Saturday, November 22, 2008
We have been filming the seawall. This wall runs along the edge of the western side of the island - almost along its entire length. In the Google Earth image you can just make out the canoes anchored a few meters offshore. There is almost no current here - the water is very still (In this season the wind blows from the east sheltering this side. Soon the season will change, the wind will blow from the north west reversing the current past Nukutoa). In the photo the darkness in the water is seagrass, underwater this stuff looks a lot like long AstroTurf. If you look carefully at the image you will see blotches of coral further out. At this point the water becomes deep enough never to dry out at low tide.
The seawall was first built many years ago but needs constant attention and maintenance. The nets that hold the stones wear out and need to be replaced frequently. The wall was built because apparently when the north west winds came they would whip up the waves pushing the water into the houses on the foreshore during the high tide. Building a wall keeps the waves off the land but the sand of the beach gets pulled out into the lagoon by the reflected wave where it gets trapped in the seagrass.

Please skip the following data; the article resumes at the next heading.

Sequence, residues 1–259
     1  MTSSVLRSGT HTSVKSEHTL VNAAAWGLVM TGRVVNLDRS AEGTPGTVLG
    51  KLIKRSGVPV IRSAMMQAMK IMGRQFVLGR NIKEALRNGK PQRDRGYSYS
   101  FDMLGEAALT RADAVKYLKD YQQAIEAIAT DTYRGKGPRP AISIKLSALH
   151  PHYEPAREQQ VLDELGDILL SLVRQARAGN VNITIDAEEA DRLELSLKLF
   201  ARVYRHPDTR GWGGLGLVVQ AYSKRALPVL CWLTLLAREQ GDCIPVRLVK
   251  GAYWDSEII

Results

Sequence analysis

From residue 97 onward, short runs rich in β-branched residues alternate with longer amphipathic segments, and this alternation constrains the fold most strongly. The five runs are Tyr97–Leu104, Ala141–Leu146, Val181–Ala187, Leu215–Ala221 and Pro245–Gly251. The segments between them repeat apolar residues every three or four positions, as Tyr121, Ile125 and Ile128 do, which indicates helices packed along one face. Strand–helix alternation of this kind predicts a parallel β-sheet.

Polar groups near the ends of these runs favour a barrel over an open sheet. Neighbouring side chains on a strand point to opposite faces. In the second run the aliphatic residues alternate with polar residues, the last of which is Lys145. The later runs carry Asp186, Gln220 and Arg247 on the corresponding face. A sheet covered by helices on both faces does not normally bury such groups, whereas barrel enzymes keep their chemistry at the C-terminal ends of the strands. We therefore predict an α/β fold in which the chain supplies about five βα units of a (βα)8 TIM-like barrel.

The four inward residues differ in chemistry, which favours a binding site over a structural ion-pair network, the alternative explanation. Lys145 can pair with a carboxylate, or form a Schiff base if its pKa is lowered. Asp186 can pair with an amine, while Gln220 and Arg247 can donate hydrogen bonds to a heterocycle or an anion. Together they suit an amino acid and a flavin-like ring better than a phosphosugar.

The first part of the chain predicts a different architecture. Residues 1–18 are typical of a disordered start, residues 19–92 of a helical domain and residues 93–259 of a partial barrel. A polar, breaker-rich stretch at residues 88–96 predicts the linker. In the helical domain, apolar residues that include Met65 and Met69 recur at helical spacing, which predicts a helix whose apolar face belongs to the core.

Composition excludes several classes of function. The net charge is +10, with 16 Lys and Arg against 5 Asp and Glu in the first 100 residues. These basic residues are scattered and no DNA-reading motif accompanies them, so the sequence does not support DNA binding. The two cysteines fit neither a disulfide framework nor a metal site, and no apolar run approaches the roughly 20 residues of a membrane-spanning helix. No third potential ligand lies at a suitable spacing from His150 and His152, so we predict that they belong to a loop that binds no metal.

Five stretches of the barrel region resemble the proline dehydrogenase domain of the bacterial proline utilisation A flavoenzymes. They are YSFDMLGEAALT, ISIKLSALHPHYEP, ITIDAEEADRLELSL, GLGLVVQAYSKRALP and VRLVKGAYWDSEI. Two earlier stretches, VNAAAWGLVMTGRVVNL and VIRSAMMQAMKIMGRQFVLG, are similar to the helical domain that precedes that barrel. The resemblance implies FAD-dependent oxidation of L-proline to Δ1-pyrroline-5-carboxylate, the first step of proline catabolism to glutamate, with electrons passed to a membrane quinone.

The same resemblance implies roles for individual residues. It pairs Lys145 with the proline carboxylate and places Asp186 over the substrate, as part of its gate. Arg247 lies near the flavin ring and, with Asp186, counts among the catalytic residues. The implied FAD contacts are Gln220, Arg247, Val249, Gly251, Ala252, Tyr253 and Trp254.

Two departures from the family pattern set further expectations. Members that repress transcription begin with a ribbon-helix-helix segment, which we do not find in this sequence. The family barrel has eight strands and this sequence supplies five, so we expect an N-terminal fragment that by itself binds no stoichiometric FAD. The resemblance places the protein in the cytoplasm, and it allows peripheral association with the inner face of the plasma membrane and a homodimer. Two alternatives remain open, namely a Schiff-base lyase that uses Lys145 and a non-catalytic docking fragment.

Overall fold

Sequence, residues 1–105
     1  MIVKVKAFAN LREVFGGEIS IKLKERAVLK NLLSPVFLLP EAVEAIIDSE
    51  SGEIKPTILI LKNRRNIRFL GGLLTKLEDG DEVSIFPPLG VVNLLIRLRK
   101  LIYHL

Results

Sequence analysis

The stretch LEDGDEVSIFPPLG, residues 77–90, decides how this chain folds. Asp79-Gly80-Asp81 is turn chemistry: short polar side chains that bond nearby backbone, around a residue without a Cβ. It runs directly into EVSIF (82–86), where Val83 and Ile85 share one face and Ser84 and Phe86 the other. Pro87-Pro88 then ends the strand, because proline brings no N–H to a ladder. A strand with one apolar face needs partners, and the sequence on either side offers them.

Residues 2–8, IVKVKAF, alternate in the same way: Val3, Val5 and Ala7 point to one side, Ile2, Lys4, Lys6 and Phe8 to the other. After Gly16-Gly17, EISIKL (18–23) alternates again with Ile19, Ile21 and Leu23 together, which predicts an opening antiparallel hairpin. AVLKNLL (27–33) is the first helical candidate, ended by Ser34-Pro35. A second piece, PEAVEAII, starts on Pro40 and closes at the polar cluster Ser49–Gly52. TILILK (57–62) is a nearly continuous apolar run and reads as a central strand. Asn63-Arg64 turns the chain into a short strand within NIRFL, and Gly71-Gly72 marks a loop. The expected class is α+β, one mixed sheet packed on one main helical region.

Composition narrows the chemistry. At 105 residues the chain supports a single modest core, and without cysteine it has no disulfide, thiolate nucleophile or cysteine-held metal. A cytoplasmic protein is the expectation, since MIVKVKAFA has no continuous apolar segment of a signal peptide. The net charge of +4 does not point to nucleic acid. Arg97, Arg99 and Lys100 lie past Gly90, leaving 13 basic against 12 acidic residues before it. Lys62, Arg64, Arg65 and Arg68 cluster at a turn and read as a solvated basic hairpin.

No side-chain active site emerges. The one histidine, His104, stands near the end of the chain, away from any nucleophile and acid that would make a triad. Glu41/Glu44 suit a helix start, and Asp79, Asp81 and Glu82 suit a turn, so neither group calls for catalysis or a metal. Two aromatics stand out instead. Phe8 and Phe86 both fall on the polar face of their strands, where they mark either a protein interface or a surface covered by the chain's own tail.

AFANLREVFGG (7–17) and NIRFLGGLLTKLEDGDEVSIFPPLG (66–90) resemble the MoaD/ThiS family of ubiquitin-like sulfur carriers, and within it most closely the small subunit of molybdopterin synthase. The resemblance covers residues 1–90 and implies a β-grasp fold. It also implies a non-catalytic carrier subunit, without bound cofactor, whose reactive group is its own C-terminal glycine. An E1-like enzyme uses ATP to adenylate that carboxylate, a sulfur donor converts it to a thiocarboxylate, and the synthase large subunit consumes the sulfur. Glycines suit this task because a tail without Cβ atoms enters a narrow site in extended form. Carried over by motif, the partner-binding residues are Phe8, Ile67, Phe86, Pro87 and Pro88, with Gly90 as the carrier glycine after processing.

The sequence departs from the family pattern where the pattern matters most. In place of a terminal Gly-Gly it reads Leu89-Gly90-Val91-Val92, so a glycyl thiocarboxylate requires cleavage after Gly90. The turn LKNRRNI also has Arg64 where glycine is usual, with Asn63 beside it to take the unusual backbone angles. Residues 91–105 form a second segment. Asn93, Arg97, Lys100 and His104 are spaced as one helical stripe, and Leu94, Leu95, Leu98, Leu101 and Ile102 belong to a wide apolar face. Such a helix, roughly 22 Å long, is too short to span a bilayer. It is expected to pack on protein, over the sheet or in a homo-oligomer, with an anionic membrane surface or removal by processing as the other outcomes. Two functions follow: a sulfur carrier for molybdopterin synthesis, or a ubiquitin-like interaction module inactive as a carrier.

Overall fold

Rubbish on the island is buried behind the seawall to build up the level of the backyards of the houses on the foreshore and further prevent incursions by the sea.
The result in the western shore of the island is that what once was a beach is now slippery rocks and what once was deep water off the beach is now shallow sandy water covered with seagrass with the occasional bit of rubbish washed from broken sections of seawall.
There is also a seawall along the north shore of the island. This wall doesn't look as bad possibly because new sand made on the reef is deposited here by the strong current. Sometimes, however, it seems that the current pulls sand off the shore faster than it can be deposited. This sand ends up in the seagrass and doesn't come back.
Scott and John have begun surveying the island and surrounding reef and are learning more daily about how erosion affects this island. Soon we should start building up a clearer picture of what is going on here.